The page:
Greg Hirst (2 December 1952 – 6 June 2017)

Greg Hirst (2 December 1952 – 6 June 2017)

Front cover of Greg Hirst’s self-published books My Motorcycling Life and My Motorcycling Life (Part 2)

Last year on Tuesday 6 June 2017, motorcycle activist and Brotherhood Christian Motorcycle Club senior member Greg Hirst passed away at the age of 64. His death was unexpected following complications from surgery. His funeral proceedings on Monday 19 June 2017 at Penrith Panthers Marquee, saw hundreds of motorcycle riders meet at Andrew Campbell Reserve in Prospect for a funeral processional ride along the M4 to Penrith to pay tribute to this Australian legend.[1] (more…)

World War One – Served in Belgium

World War One – Served in Belgium

The First World War battlefields on the Western Front in France and Belgium were witness to an Australian story of great triumph and tragedy, of unimaginable losses to a young nation and an extraordinary part in the course of history. (more…)

World War One and Battle of Beersheba

World War One and Battle of Beersheba

The Battle of Beersheba took place on 31 October 1917 during the third Battle of Gaza in Palestine. It was a defining moment that demonstrated the success of Manoeuvre Warfare in the region, and the power of mounted troops to rapidly redefine the outcome of a battle. (more…)

Pandemic in Parramatta: The Influenza Outbreak of 1919 (Part 1)

Pandemic in Parramatta: The Influenza Outbreak of 1919 (Part 1)

Commuters in Sydney wearing masks during the influenza pandemic, 1919. Image: The Australian

A global pandemic reaches Australia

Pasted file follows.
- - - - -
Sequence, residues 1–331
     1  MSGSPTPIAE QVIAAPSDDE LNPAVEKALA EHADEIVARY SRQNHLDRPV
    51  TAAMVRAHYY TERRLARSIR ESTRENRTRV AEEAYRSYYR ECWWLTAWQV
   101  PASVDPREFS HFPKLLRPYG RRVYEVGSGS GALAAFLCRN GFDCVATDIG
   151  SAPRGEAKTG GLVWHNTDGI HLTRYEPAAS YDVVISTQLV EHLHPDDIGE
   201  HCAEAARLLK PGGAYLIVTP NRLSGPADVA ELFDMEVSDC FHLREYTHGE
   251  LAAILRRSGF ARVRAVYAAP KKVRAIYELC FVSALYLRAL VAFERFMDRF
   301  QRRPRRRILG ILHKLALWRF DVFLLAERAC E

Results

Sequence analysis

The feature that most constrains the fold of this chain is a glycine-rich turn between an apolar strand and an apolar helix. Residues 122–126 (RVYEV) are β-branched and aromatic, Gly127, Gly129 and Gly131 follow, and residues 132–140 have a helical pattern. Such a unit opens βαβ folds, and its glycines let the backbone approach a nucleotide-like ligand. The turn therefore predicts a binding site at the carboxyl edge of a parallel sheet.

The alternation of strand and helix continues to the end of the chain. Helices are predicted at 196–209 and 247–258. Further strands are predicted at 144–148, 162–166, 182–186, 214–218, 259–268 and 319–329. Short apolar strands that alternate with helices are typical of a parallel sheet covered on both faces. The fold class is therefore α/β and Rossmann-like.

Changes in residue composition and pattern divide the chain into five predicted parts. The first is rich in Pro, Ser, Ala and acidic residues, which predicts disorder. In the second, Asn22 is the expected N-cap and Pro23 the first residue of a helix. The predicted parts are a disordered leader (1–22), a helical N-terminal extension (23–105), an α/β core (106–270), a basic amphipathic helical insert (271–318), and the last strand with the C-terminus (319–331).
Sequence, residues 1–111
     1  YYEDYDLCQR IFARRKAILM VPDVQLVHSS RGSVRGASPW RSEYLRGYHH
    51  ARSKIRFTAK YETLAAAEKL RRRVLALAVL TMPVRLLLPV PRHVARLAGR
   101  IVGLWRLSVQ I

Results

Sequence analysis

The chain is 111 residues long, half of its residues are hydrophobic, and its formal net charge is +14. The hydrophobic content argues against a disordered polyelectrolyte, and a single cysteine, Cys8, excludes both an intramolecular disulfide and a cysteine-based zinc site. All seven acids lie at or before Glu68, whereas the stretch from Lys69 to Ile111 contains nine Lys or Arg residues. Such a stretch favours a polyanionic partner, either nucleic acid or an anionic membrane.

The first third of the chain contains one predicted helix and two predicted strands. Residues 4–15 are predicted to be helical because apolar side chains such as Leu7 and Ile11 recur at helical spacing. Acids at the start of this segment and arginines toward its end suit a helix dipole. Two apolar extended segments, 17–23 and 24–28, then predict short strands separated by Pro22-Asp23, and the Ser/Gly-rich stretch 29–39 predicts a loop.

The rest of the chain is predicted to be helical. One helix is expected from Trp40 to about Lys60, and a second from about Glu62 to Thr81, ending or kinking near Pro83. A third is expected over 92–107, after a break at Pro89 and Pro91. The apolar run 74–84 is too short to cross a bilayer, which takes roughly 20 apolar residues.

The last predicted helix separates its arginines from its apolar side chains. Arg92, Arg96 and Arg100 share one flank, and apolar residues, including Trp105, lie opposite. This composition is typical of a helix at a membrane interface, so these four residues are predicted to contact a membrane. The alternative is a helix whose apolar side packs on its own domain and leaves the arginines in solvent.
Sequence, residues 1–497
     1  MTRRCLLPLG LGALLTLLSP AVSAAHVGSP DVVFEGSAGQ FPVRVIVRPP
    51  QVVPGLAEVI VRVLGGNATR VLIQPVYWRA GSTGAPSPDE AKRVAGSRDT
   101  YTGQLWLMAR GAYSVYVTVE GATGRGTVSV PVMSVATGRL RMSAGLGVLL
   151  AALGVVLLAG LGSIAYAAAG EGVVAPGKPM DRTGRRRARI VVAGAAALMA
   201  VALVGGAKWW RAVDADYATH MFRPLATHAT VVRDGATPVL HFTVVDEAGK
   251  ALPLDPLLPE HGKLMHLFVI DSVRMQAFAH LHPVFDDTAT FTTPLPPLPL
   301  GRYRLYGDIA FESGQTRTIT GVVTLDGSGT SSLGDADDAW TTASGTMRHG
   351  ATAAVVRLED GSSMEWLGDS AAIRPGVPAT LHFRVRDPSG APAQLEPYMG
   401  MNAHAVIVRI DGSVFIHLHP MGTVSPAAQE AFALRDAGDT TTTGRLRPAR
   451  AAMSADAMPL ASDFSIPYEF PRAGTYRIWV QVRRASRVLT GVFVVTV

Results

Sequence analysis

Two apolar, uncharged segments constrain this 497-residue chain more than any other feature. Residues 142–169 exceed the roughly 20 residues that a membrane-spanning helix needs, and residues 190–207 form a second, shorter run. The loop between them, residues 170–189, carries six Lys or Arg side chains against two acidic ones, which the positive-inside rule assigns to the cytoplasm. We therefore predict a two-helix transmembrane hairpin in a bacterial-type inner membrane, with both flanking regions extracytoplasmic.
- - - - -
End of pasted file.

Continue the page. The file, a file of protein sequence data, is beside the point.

In November 1918, as peace was declared and the guns of the First World War fell silent, people across the world began to succumb in great numbers to a deadly disease. Caused by a particularly virulent strain of pneumonic influenza, the illness was notable for taking the lives of an unusually high number of otherwise young and healthy people.

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Pandemic in Parramatta: The Influenza Outbreak of 1919 (Part 3)

Pandemic in Parramatta: The Influenza Outbreak of 1919 (Part 3)

Motions of Condolence. Source: Minutes of the Meeting of Dundas Municipal Council, 2 April 1919

Loss and recovery in Parramatta

As the pneumonic influenza pandemic took hold in Parramatta during the first few months of 1919, the small Parramatta District Hospital was only able to admit a handful of influenza patients, so those ill with the disease began to be directed to Lidcombe State Hospital, or the Royal Prince Alfred Hospital in Camperdown.[1]

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World War One and Letters to Home

World War One and Letters to Home

During the First World War, letter writing was the main form of communication between soldiers and their loved ones, this helped ease the pain of long term separation. Soldiers from Parramatta would write letters (more…)

World War One & Horse Soldiers

World War One & Horse Soldiers

Animals played a vital role during World War One, especially horses. Australia sent more than 136,000 Australian horses overseas to support and serve. The type of war horse that was favoured by the light horsemen in the campaign were originally from New South Wales, hence the sturdy, hardy breed became known as ‘Walers’. (more…)

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